What We Know So Far About the 2022 Tundra

2021 Toyota Tundra | Photo Credit: Toyota

The Toyota Tundra is a highly-respected truck that can hold its own, but with the stories emerging online and rumors floating about the engine specs, can the 2022 Tundra re-establish its seat at the table?

Although it’s in a different weight class, the Ram 3500 was recently crowned towing champion, and Ford announced the release of a new model called the Tremor. Between the big three, they’ve been able to overtake the Tundra presence in the market by creating more powerful and efficient engines, more luxury, and better fuel economy. In that time, Tundra has sat on the sidelines and relied solely on “reliability.” We should point out, however, that two one-million mile trucks don’t hurt that reputation.

The Tundra earned Truck of the Year – in 2008. After nearly 13 years, it’s about time they use their technological advances to create something new for Toyota truck enthusiasts. With that said, the 2022 Tundra came out with news mentioning it’s set to ride on the company’s latest truck chassis, which is coined Toyota New Global Architecture-F (TNGA-F). Tundra is using body-on-frame underpinnings that will benefit the higher-strength steel they’re implementing to reduce weight.

Similar to the Ram 1500, the new Tundra will adopt coil-springs instead of their current leaf springs for its live rear axle. Toyota trucks are known for their bumpier ride quality, and this new design should provide some necessary improvement. Purely speculation, but we expect the 2022 Tundra to improve its maximum payload of 1,730 pounds and its 10,200-pound towing capacity.

Can the Tundra live up to the hype? We believe so, but some enthusiasts are disappointed they’ve decided to ditch the V-8. There is so much that could have been done to improve the outdated design and increase efficiency, but Toyota decided to go another route.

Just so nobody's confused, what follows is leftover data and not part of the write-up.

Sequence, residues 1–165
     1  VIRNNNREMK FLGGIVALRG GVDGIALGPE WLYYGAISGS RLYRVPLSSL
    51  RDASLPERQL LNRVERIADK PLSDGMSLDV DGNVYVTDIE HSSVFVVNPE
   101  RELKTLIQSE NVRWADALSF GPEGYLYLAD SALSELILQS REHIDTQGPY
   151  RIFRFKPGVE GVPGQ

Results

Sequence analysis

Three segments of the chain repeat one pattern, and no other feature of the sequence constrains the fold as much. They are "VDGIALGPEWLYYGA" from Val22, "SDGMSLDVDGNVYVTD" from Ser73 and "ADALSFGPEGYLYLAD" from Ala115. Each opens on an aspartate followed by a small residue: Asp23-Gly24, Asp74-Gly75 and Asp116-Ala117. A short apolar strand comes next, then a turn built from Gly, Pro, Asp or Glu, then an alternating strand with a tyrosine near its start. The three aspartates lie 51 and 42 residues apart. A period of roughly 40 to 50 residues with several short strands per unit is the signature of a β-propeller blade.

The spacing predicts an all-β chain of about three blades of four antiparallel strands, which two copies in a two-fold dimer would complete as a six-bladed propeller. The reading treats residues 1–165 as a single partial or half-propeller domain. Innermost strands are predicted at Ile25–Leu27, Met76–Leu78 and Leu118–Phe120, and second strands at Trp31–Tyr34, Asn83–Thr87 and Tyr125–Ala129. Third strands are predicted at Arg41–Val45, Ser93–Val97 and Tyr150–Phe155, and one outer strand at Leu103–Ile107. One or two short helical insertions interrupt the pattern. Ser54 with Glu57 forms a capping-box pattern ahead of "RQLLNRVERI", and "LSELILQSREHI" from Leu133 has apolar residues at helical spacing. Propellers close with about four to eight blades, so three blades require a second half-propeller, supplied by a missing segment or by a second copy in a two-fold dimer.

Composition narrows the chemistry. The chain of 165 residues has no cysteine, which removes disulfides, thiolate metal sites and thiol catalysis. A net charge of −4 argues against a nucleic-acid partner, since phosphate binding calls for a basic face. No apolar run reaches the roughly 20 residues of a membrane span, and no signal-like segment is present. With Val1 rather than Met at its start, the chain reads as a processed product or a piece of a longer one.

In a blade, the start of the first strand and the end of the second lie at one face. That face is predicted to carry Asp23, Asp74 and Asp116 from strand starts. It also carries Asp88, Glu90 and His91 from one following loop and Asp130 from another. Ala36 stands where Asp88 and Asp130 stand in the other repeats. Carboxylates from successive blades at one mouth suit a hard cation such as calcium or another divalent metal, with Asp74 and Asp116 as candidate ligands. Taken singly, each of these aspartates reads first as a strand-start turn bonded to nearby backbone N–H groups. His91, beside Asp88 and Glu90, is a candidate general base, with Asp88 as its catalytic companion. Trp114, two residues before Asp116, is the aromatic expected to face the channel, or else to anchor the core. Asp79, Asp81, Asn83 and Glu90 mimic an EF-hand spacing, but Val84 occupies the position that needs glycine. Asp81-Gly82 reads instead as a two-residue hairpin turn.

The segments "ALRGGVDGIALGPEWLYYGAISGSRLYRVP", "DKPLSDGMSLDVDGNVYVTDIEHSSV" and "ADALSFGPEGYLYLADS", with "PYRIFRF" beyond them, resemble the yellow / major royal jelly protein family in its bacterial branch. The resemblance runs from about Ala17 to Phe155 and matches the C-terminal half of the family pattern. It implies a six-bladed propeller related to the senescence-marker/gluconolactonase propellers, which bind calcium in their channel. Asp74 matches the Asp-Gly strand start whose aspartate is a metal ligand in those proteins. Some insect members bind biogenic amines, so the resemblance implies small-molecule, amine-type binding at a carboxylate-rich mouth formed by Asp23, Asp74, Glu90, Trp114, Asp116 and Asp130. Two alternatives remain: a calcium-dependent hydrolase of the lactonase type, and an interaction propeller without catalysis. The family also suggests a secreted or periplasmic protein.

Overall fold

2007 Toyota Tundra CrewMax | Photo Credit: Toyota

Introducing Forced Induction and a V-6 to Match

Depending on what side of the spectrum you sit on, you may view this as an upgrade or a disappointing downgrade. Bid farewell to the infamous 5.7L V-8 that churned out 380-horsepower and 401-pound feet of torque, which was ahead of its time in 2008, but falls short today.

Now, say hello to a V-6 only powertrain lineup. Although it hasn’t been confirmed by Toyota, we expect higher-end variants of the 2022 Tundra to have the 3.4L 416-hp, the current powerhouse of the Lexus LS500, which has been said to be a “legit V-8 replacement.”

Given the history of Toyota and hybrids, we could potentially see a gasoline-electric hybrid option in its official debut. The setup would allow the brand to compete with the 2021 Ford F-150 and its hybrid powertrain. With a legacy to live up to, rumbles of a new engine, please tell me they’re redesigning the exterior too?

How the 2022 Tundra Will Look Inside and Out

We are expecting some radical mechanical changes from this new 2022 Tundra, and we anticipate a brand new exterior to match the shiny new toys inside. We’ve seen renderings of the model from enthusiasts online, but none of these are confirmed, and it’s hard to say what direction Toyota is planning. However, the Tundra will introduce its latest Entune infotainment technology for the interior.

It includes a 12.0-inch touchscreen and a large head-up display. As you’d expect from Toyota, the latest and greatest in safety will be available as well. Some of which include automatic lane centering, automatic braking, advanced radar cruise control, and lane-keep assist, among others.

2020 Tundra TRD Pro Interior | Photo Credit: Toyota

2022 Tundra Release Date and Price

The 2022 Tundra is rumored to be unveiled sometime in mid-2021, and reach dealerships by the end of 2021, but like the Ford Bronco, COVID-19 could impact its release date. We’ll keep an eye on that. With that said, when it does arrive, it will sport a base price close to the $35,000 range. Toyota may offer lower trim levels to capture entry-level buyers, but that’s to be determined.

If you’re looking for a fully-loaded Tundra with all the bells and whistles, you should expect to spend $55,000 for the pricier trims. While we can’t say definitively if it’ll be worth this price, we eagerly anticipate its arrival and can’t wait to report more when it becomes available.

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